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Wk 5 - Central Nervous System Meninges & Blood Supply Notes...

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Week #5: Central Nervous System – Meninges & Blood SupplyOctober 5, 2015Overview of the Nervous SystemCentral Nervous System (CNS)Consists of the brain and spinal cordPeripheral Nervous System (PNS)Consists of all nervous tissue outside the CNS. Components include:Nerve:bundle of hundreds to thousands of axons plus associated connective tissue and bloodvessels-12 pairs of cranial nerves emerge from the brain-31 pairs of spinal nerves emerge from the spinal cordGanglia:are small masses of nervous tissue, consisting primarily of neuron cell bodies and serves aspecific region of the bodyEnteric plexuses:extensive networks of neurons located in the walls of organs of the GI tractSensory receptors:a structure of the NS that monitors change in the external or internalenvironmentSomatic nervous system (SNS):1 sensory neuron that conveys information to the CNS from somatic receptors in the head, bodywall, and limbs and from receptors for the special senses (vision, hearing, taste, and small)2 motor neurons that conduct impulses from the CNS to skeletal muscles only. Because these motorresponses can be consciously controlled, the action of this part of the PNS is voluntaryAutonomic nervous system (ANS):1 sensory neuron that conveys information to the CNS from autonomic sensory receptors, locatedprimarily in visceral organs (stomach, lungs)2 motor neurons that conduct nerve impulses from the CNS to smooth muscle, cardiac muscle, andglands. Because its motor responses are not normally under conscious control, the action of ANS isinvoluntary-Sympathetic division:‘fight or flight’ – increased alertness and metabolic activity-Parasympathetic division:‘rest and digest’ – energy conservation and replenishing stageEnteric nervous system (ENS):‘Brain of the gut’ is involuntaryConsists of over 100 million neurons in enteric plexuses that extend most of the length of the GItractMany of the neurons of the enteric plexuses function independently of the ANS and CNS, andcommunicate with the CNS via sympathetic and parasympathetic neuronsSensory neurons of ENS monitor chemical changes within the GI tract as well as stretching of thewallsMotor neurons of ENS govern contraction of GI tract smooth muscle to propel food through the GItract, secretions of GI tract organs (stomach acid), and activities of GI tract endocrine cells, whichsecrete hormonesPage1of10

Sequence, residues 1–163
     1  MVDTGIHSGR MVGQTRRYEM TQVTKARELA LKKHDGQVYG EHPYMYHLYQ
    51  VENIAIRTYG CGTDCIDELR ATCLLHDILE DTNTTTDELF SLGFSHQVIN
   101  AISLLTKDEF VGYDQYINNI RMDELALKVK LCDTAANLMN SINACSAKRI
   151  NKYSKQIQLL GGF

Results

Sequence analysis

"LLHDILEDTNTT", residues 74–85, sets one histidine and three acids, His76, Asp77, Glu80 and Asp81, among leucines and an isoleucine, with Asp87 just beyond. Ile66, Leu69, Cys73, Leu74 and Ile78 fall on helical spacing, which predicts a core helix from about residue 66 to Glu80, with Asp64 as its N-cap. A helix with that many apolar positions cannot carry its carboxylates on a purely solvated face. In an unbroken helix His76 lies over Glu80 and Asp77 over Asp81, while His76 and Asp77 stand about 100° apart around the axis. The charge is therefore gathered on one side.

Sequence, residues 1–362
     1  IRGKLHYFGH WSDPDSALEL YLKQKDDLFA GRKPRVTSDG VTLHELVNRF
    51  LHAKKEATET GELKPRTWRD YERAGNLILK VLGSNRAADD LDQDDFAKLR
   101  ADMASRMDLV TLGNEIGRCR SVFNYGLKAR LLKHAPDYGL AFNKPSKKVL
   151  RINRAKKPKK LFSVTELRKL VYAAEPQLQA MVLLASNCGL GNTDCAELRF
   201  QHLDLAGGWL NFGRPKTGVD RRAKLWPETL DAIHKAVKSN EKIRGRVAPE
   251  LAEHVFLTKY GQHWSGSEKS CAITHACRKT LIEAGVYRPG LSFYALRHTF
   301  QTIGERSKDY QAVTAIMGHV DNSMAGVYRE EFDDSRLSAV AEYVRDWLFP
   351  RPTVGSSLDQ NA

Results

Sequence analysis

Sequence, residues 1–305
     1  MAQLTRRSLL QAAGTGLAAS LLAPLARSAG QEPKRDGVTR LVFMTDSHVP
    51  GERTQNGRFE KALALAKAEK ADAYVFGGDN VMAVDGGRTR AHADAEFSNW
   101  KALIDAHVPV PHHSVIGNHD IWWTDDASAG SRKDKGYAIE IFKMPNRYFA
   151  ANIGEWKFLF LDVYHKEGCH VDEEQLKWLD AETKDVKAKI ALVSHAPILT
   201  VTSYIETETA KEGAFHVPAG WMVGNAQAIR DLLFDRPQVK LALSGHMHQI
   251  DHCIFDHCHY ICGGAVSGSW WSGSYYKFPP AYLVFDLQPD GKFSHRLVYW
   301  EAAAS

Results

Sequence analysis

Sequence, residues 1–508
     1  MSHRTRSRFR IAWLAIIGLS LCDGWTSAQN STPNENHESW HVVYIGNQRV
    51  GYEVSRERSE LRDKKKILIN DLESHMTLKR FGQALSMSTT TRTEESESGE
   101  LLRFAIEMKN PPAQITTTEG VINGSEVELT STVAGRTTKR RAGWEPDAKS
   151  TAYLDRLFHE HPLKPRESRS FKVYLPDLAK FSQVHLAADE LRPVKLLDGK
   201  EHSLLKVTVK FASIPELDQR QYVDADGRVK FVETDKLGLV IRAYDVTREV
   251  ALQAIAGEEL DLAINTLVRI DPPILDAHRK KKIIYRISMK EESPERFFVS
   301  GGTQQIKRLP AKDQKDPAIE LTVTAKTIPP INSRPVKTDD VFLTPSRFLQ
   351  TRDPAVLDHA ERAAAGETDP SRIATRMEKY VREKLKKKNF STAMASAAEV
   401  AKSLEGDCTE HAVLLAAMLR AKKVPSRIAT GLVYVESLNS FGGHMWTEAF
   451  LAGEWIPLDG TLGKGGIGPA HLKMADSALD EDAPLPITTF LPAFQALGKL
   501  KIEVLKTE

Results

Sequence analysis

Week #5: Central Nervous System – Meninges & Blood SupplyOctober 5, 2015Functions of the Nervous SystemSensory function:-Sensory receptors detect internal stimuli (increase in BP) or external stimuli (raindroplanding on skin)-This sensory information is carried into the brain and spinal cord through cranial and spinalnervesIntegrative function:-the NS processes sensory information by analyzing it and making decisions for appropriateresponses (integration)Motor function:-

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Term
Fall
Professor
HealthSciencesstaff
Tags
Central Nervous

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